While my hiking companions sleep, I play with lights

While my hiking companions sleep, I play with lights

The week after my Grand Canyon hike, my six-month fibromyalgia flare finally subsided and I was so grateful for my renewed health. It had been mentally and physically exhausting to be in pain all the time,  there had been a searing nerve pain in my right scapula along with the accompanying symptoms of fatigue, anxiety and depression.  I hope that it will be another decade before my next one. No picture because it’s an invisible condition, I look the same whether I’m in a flare or not.

Sadly, upon hiking out of the Canyon, I learned that the Wildlife Rehab had suffered a devastating fire that burned parts of the facility and resulted in the deaths of over 30 of our birds. The saddest part was that three of our educational animals, who we’d had for a decade, perished in the fire. Heartbreaking.

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Aftermath of the fire outside


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The bird room after the fire

I gave a couple of talks in April – the first was about historic sites on the Arizona Trail for the Glen Canyon Natural History Association in Page. You can listen to a radio interview I did about it. It gave me a great excuse to do some exploring in the area and I hiked to the Colorado River via Cathedral Wash and got to see condors sitting on an egg from the Navajo Bridge.Glen Canyon NHA

In Silver City, New Mexico, I gave a talk on Hot Weather Hiking Tips at the Continental Divide Trail Kickoff and also published an accompanying article for the American Long Distance Hiking Association – West.

Canyoneered the Salome Jug in the Sierra Ancha with Meg and Russ Newberg. It was a gorgeous, sculpted pink canyon with lots of fun swims.

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Salome Jug with Russ and Meg


The Jug - Russ Newberg

Salome Jug – Photo by Russ Newberg

I spent some time in Oracle, north of Tucson, volunteering with the Arizona Conservation Corps to maintain my 3-mile section of the Arizona Trail for which I am a steward. My Oracle Adventures: 3 Hikes article was published by the Copper Town News and I got to visit one of my favorite places, the High Jinks Ranch.

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Trail maintenance with Arizona Conservation Corps


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Oracle State Park

May

My nephew Gage went with me on his first backpacking trip, I chose Hutch’s Pool and he did great! It was a toasty hike in but the swimming made it all worth it.

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Gage on his first backpacking trip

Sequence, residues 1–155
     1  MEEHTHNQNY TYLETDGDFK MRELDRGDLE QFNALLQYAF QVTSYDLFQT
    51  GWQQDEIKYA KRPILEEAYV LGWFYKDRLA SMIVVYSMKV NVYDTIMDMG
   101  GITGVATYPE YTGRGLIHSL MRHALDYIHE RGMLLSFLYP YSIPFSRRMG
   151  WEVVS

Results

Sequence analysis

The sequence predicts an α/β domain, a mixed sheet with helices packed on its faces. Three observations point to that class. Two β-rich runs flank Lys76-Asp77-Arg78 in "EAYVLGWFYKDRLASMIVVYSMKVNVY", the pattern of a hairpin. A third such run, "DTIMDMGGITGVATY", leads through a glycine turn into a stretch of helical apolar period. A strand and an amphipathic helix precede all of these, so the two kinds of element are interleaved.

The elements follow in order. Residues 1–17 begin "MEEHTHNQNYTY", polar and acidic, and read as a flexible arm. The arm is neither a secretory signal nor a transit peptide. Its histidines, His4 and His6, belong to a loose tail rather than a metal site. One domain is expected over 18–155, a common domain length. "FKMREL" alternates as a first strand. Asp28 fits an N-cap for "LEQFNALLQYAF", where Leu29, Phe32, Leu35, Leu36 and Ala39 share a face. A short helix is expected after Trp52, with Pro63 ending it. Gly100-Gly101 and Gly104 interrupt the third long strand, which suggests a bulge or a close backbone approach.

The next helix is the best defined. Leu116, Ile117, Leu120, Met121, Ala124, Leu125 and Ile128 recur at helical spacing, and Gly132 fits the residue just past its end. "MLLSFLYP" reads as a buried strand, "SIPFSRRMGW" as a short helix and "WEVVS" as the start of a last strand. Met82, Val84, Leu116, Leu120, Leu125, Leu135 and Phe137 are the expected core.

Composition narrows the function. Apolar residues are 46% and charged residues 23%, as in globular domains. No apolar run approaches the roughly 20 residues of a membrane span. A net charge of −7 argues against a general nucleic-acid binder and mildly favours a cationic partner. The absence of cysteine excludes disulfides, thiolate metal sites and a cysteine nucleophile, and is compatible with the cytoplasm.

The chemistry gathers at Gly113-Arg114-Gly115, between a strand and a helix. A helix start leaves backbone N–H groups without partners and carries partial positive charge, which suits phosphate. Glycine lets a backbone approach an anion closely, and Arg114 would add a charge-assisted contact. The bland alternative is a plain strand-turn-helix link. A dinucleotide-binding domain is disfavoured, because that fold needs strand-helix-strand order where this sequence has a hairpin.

Hutch's Waterfall

Hutch’s Waterfall

I advocated for our public lands and urged people to submit their comments for the review of 27 National Monuments by the current administration.

June

In June I started my company’s first big contract – to develop a community trails Master Plan for the Town of Tusayan, Gateway Community to the Grand Canyon and Arizona Trail. I traveled to Tusayan to meet with local business and landowners, the Kaibab Forest and Grand Canyon National Park. After work, I got to visit the Canyon and camp in the forest, it was amazing!IMG_6255

At the Wildlife Rehab, work continued on the facility and I put together a fundraiser event – After the Fire – to supplement the donations that were coming in online. It was a wonderful event at Sky Bar with fantastic entertainment and people really enjoyed meeting our remaining educational animals.

MoJo Grass

MoJo Grass


Nancy, Citan and Janet Miller

Nancy, Citan and Janet Miller


Marjani Drum Solo

Marjani

For Father’s Day, one of my stories about my dad was featured on the She Explores podcast. My dad has been a great supporter of my adventures, but we didn’t always get along when I was growing up.

Sirena and her dad, Budh Rana - photo by Levi Davis

Sirena and her dad, Budh Rana – photo by Levi Davis

July

Right before the monsoon rains comes Saguaro fruit season and this year was incredible – so much fruit! I harvested, dried and made plenty of fruit leather to last the rest of the year.IMG_6237

I visited Aravaipa Canyon for a leisurely trip with lots of hanging in the hammock, coloring, writing and listening to music. It’s always a gorgeous destination and the trip revitalized me for the whirlwind that was the rest of the month.

Aravaipa Canyon

Aravaipa Canyon

Wendy and I had a rare moment in the same town at the same time and we hiked the Florida Trail in the Santa Ritas, a new one for me. Monsoon rains were great this year and when I hiked Pusch Peak, the normally-dry fall was flowing and there was even enough water to take a swim in the canyon!